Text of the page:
While more conservative, U.S.-supported governments were in power from 1990 to 2006, Daniel Ortega showed himself to be a pragmatic leader of the Sandinista opposition. He made accommodations with Violeta Chamorro’s government, elected in 1990, that helped to smooth the transition from the years of revolution and Contra War to more political and social stability. But what some saw as pragmatism, others questioned as personal power-seeking and abandonment of some of the principles of the revolution.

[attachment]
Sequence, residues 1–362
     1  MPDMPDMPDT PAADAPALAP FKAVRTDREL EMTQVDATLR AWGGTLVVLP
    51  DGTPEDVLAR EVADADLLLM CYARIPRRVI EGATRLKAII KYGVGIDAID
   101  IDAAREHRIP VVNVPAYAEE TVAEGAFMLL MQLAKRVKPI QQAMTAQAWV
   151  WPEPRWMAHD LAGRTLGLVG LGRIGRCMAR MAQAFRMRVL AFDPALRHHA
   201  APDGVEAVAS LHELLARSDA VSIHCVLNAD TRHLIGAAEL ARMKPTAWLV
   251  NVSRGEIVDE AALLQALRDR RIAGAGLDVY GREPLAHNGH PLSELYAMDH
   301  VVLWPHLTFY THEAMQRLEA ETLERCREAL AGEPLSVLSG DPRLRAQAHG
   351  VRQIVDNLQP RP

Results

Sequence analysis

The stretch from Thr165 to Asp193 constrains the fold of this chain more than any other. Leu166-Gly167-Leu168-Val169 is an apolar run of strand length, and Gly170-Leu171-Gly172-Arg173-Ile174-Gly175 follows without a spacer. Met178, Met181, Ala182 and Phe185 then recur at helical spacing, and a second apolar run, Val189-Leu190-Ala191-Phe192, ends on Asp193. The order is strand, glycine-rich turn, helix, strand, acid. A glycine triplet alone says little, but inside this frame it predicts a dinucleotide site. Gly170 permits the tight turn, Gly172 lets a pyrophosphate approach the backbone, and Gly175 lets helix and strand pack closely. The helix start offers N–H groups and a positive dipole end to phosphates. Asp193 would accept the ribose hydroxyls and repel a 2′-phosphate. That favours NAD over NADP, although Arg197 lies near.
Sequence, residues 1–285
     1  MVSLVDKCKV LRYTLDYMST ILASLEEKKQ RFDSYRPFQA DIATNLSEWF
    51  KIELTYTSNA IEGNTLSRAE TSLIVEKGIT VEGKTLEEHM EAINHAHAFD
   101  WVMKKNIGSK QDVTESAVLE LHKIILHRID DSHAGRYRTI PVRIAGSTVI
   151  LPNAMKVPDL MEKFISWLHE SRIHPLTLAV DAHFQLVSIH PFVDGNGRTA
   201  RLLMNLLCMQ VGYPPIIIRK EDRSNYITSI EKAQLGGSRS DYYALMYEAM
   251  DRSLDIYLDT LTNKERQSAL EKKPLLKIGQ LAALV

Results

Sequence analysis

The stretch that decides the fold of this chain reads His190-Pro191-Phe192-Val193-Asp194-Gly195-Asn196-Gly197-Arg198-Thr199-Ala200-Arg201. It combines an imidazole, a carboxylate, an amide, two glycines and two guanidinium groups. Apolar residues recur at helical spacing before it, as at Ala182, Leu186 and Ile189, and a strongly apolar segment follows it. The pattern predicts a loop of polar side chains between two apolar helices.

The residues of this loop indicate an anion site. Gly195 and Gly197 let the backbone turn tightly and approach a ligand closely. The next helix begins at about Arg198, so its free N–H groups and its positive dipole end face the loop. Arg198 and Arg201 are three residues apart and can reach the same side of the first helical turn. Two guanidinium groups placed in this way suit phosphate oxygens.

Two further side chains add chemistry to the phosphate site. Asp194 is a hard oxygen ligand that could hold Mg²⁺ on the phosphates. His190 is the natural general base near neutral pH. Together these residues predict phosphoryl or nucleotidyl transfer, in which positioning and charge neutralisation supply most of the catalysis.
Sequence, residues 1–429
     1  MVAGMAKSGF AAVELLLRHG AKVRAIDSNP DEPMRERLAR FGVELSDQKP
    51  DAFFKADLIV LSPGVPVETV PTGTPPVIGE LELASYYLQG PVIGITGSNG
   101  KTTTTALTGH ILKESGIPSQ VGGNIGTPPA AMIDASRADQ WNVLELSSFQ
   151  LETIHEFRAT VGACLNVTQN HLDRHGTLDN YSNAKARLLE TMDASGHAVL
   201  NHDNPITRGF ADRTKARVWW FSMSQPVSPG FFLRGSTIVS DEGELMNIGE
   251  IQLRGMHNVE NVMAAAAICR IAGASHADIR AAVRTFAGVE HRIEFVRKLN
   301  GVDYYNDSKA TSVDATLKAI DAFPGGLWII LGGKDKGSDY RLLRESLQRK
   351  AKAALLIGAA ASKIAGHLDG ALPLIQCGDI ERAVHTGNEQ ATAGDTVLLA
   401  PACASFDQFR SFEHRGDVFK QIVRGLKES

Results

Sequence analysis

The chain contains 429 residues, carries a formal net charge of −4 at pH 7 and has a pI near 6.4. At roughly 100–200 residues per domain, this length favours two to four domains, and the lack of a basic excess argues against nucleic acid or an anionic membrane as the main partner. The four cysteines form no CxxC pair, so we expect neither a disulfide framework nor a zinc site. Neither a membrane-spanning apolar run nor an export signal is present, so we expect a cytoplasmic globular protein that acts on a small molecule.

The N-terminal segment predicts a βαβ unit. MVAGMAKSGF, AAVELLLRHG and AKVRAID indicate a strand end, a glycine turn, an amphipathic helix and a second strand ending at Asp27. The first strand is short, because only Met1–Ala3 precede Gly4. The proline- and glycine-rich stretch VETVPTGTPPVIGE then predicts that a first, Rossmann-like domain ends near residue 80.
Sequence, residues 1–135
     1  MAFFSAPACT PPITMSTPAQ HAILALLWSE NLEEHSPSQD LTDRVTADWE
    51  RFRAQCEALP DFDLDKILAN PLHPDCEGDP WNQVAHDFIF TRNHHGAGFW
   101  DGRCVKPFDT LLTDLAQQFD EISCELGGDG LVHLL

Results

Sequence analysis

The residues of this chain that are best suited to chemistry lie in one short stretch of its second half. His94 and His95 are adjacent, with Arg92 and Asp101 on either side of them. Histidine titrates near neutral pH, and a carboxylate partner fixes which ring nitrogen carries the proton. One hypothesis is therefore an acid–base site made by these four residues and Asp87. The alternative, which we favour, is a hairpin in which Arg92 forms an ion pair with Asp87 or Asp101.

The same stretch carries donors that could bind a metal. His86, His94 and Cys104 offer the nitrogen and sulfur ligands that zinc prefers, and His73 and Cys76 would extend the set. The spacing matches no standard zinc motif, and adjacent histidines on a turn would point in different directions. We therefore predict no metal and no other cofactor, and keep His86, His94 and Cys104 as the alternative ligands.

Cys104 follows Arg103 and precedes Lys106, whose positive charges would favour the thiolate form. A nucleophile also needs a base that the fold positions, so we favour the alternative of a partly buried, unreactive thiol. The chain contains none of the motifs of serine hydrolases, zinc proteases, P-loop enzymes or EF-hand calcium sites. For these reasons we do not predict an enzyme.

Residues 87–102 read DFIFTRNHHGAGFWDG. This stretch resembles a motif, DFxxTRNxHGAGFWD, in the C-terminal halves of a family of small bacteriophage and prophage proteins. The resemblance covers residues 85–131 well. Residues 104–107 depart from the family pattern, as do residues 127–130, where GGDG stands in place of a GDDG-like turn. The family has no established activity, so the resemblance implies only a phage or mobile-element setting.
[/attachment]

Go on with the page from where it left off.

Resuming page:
Since Ortega’s return to power in 2007, his actions have reinforced popular perceptions of him as everything from realistic pragmatist to dictator and corrupt betrayer of sandinismo and the revolution. His accommodations and deal-making with big business and various conservative groups and politicians have continued to raise concerns. Allegations that Ortega repeatedly sexually assaulted his stepdaughter when she was a minor deeply eroded his personal reputation. As he continued in power, he succeeded in gaining control, or at least influence, over most of the major levers of political power in the country. He ensured that his wife and political partner, Rosario Murillo, became vice president, increasing political tension. The Sandinistas were accused of using youth groups to spread intimidation and threats against government opponents, both over the past decade and in the current situation. Ortega’s successful bid to change the constitution to allow his reelection in 2016 was widely seen as an illegal power grab. The U.S. government and members of the U.S. Congress were among the loudest voices to condemn this move, yet they offered praise and support for the Honduran president, Hernández, when he did the same thing, but far more brutally, a year later.